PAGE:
The Committee for Economic Development (CED) was formed in 1942. Whereas the CFR was interested in international issues, the CED focused on economic issues at home and abroad. It was mainly made up of corporate managers with a few university presidents added in to give it credibility. Its aim was to speak on behalf of business ‘in the national interest’ beginning with opposition to the New Deal. It received its funding from large foundations and ran a series of study groups in conjunction with selected academics. The groups produced policy recommendations that were then disseminated in pamphlet form and often converted into public policy by government.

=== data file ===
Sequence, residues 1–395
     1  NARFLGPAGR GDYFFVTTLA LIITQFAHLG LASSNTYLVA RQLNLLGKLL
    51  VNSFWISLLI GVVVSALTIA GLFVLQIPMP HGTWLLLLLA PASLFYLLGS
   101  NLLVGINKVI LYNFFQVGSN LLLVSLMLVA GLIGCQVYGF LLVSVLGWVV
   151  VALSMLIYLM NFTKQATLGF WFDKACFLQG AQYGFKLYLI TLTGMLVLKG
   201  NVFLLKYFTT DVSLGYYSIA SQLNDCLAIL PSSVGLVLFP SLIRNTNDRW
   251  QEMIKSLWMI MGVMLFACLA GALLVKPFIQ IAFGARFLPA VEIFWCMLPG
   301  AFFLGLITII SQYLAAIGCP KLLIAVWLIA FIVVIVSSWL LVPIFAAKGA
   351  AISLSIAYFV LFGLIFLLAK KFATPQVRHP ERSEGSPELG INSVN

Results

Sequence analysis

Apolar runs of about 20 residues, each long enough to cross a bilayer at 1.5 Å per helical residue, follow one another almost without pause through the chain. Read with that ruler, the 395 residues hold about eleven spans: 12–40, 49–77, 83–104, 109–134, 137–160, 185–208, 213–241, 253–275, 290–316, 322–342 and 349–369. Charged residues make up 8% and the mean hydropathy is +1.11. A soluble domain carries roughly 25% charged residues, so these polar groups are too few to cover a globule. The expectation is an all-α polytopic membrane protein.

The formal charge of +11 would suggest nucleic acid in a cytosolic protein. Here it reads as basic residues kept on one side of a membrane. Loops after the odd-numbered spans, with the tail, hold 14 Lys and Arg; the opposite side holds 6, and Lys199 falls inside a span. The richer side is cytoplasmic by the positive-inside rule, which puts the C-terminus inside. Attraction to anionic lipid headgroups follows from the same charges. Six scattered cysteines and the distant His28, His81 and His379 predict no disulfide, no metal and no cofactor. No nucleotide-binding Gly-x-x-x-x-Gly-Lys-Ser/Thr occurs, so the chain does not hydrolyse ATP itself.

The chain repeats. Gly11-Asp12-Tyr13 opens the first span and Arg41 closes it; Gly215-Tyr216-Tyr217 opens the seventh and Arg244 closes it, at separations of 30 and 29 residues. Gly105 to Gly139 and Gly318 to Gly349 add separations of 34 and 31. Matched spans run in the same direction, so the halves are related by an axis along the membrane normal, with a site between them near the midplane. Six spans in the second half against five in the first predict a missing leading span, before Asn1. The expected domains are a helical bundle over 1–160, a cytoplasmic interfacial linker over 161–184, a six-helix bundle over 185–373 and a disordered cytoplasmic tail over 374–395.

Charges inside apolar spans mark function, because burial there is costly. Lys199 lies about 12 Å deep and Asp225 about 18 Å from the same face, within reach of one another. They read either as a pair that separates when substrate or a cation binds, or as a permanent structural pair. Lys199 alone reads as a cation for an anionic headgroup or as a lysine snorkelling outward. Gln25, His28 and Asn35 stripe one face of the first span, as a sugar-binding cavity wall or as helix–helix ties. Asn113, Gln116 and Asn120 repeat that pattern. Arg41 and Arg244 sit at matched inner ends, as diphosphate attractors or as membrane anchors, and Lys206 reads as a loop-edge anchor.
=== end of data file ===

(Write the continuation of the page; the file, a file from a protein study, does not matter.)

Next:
Today CED membership is comprised of "some 200 senior corporate executives and university leaders" that conducts "policy research on the major economic and social issues of our times" and seeks to have its policy recommendations implemented by governments. Its major sponsors include Caterpillar, General Electric, General Motors, IBM, Merrill Lynch, Pfizer, State Farm Insurance and Toyota.